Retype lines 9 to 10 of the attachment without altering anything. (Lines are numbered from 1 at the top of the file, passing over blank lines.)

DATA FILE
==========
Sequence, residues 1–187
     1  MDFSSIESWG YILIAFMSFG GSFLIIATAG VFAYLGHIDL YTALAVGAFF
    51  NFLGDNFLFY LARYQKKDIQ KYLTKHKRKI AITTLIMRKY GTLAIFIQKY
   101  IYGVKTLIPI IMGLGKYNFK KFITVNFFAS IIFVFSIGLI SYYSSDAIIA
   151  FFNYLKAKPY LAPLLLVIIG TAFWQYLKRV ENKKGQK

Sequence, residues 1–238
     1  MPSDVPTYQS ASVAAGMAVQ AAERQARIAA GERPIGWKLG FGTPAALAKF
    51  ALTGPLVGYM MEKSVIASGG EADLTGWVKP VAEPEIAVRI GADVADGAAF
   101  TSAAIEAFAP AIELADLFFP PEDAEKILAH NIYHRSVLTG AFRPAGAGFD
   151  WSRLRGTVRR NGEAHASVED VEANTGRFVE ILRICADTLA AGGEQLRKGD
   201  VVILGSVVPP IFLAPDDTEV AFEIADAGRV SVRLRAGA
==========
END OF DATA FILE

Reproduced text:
   101  TSAAIEAFAP AIELADLFFP PEDAEKILAH NIYHRSVLTG AFRPAGAGFD
   151  WSRLRGTVRR NGEAHASVED VEANTGRFVE ILRICADTLA AGGEQLRKGD